There were several signature experiences growing up, where I figured that, somehow, I managed to miss those classes on expected boy behavior that other chips off the old block had obviously attended and mastered. It was like that at every summertime pool, lake, river, or swimming hole into which I have ever… inch…by…painful…inch…tentatively… immersed… my…self. Don’t get me wrong. I love swimming. But here’s how it would always go down. Out the station wagon door, or back door to the cabin or house, would shoot a wad of boys, including me. We would start off together pell-mell, a Norman Rockwell portrait of exaggerated boy enthusiasm. At lake’s edge is where the sorting would occur. The proper boys would plunge in first. For my pals, several leg splashes, and a quick dive, and presto, the games were afoot! Me? I was inching in: ankles first, calves next, then thighs, and several excruciating minutes later, my chest. All the while, I would be dodging splashes and impatient attempts to hasten the conclusion of my painstakingly long baptismal ritual. Once in the water, you couldn’t get me out, but this tortured approach to getting used to swim water is how it has (literally) gone down for me, my entire life. And then, the pandemic came to town.
For those who know my chosen hometown of Saint Louis, you know that there is really no respectable summertime body of water for the swimming enthusiast. Usually, lap swimming at my local gym suffices to keep me in shape until I can get myself to a proper lake, bay, or ocean. With the pandemic in full swing this summer, an outdoor pool was the only safe option available. This worked more than well enough until somewhere toward the end of September and beginning of October. If I wanted to swim, I had to get into a pool that felt more like Lake Superior than the Gulf of Mexico. Watching people older than me threading their way up and down the lanes told me that frost bite, or sudden heart malfunction weren’t likely. “One excuse down,” I anxiously noted. I queried an athletic looking, age-similar woman, who paused at my end of the pool. Somehow she must have snuck into the boy classes that I had missed, because I saw her dive in, and start swimming five minutes ago. “Is it worth it?” I asked, “or too painful?” With the kindness of a mother addressing a toddler, she assured me that I would be used to it in no time. Another excuse stripped away. In that moment, I intuited the boy wisdom I had ignored through the long decades of my life. In one clarifying instant, I could see why no one inches a lobster into its cooking pot. Too painful! Not humane! My usual rituals were useless here. What I had mistaken for a courage (that I lacked) in my boyhood colleagues may have been simply a wise gambit to avoid needless pain.
Like Dan Jarrio, Bob Dickerman, Jerry Meier, and my brothers Bob, Mike, Dan, and Phil… like all the other boys before me, like my surrogate mother in the pool, I turned my mind off; I jumped in! The cold water took my breath away. I swam fast to get my bones warmed. Several minutes later, I observed that I was comfortable enough to find my rhythm and get an exhilarating half-a-mile in before the pool closed. At the edge of every pool since then, I have had the same thought, “If I could dive right into that cold October pool, I can dive into this as well!” Just like that, a new habit.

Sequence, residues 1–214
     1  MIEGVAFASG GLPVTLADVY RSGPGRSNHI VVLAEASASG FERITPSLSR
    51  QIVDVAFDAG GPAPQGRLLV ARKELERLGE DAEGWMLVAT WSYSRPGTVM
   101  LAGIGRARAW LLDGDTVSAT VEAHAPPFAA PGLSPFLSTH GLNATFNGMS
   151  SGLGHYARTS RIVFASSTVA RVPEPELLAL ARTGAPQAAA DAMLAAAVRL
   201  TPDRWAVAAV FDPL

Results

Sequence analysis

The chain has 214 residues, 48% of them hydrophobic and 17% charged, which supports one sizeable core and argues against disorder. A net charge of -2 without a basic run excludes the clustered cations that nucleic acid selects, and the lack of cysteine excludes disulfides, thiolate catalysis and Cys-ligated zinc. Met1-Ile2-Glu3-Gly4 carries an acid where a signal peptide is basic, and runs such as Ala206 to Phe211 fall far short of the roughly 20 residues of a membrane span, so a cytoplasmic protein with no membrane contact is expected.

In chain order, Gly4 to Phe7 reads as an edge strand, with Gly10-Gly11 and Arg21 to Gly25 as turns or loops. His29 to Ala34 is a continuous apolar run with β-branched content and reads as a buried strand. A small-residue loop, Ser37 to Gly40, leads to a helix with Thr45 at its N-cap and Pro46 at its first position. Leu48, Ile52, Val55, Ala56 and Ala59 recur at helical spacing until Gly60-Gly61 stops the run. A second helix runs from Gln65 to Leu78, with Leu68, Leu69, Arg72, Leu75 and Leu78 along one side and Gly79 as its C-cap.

What have you been inching toward? What is that thing that has the potential for looping you into a virtuous cycle where one good thing could lead to another good thing, and perhaps another and another?
In his research on happiness, professor, author, and acclaimed presenter, Shawn Achor, has noted that, frequently, the distance between a desired habit and an achieved habit is the amount of activation energy required to initiate episodes of practicing the new habit. For example, want to learn how to play the guitar? Reduce the activation energy it takes to pick it up and play it. Do not store the guitar in a case in the closet. Place it on a stand in the TV room in front of the channel changer. Want to adopt a habit of morning running? Sleep in your running clothes, with your shoes and socks at the foot of your bed. Want to eat better? Keep healthy and tasty choices in front of you, and addictive foods out of sight (better still, out of the house). The same wisdom works for meditation and prayer. I know someone who meditates while the morning tea is brewing. I pray with the British Jesuits on their daily podcast, “Pray as You Go” for ten of the thirty minutes of my rowing every morning.
What are you standing on the edge of doing? Into what life-giving habit have you been trying to inch yourself? Perhaps getting past the pain on the front end of it could be achieved by reducing the activation it takes to get it done in some practical way. Is it time to take the plunge?